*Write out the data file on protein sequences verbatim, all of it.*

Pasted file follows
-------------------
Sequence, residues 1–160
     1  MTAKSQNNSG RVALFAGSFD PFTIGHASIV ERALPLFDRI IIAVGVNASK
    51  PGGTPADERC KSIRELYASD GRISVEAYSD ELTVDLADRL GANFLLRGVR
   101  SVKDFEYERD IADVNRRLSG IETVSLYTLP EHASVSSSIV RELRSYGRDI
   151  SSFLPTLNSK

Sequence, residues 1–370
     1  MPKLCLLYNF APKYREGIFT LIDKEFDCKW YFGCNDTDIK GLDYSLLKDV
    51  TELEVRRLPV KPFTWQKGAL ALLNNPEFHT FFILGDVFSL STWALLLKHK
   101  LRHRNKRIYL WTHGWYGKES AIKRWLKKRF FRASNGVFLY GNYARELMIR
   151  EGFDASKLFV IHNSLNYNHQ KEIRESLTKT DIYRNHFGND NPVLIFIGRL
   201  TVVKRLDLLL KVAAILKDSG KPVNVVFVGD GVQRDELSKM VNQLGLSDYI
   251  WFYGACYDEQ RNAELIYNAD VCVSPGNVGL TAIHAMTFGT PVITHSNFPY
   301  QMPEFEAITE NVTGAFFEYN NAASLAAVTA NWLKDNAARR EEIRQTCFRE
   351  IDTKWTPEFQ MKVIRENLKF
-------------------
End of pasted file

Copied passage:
Sequence, residues 1–160
     1  MTAKSQNNSG RVALFAGSFD PFTIGHASIV ERALPLFDRI IIAVGVNASK
    51  PGGTPADERC KSIRELYASD GRISVEAYSD ELTVDLADRL GANFLLRGVR
   101  SVKDFEYERD IADVNRRLSG IETVSLYTLP EHASVSSSIV RELRSYGRDI
   151  SSFLPTLNSK

Sequence, residues 1–370
     1  MPKLCLLYNF APKYREGIFT LIDKEFDCKW YFGCNDTDIK GLDYSLLKDV
    51  TELEVRRLPV KPFTWQKGAL ALLNNPEFHT FFILGDVFSL STWALLLKHK
   101  LRHRNKRIYL WTHGWYGKES AIKRWLKKRF FRASNGVFLY GNYARELMIR
   151  EGFDASKLFV IHNSLNYNHQ KEIRESLTKT DIYRNHFGND NPVLIFIGRL
   201  TVVKRLDLLL KVAAILKDSG KPVNVVFVGD GVQRDELSKM VNQLGLSDYI
   251  WFYGACYDEQ RNAELIYNAD VCVSPGNVGL TAIHAMTFGT PVITHSNFPY
   301  QMPEFEAITE NVTGAFFEYN NAASLAAVTA NWLKDNAARR EEIRQTCFRE
   351  IDTKWTPEFQ MKVIRENLKF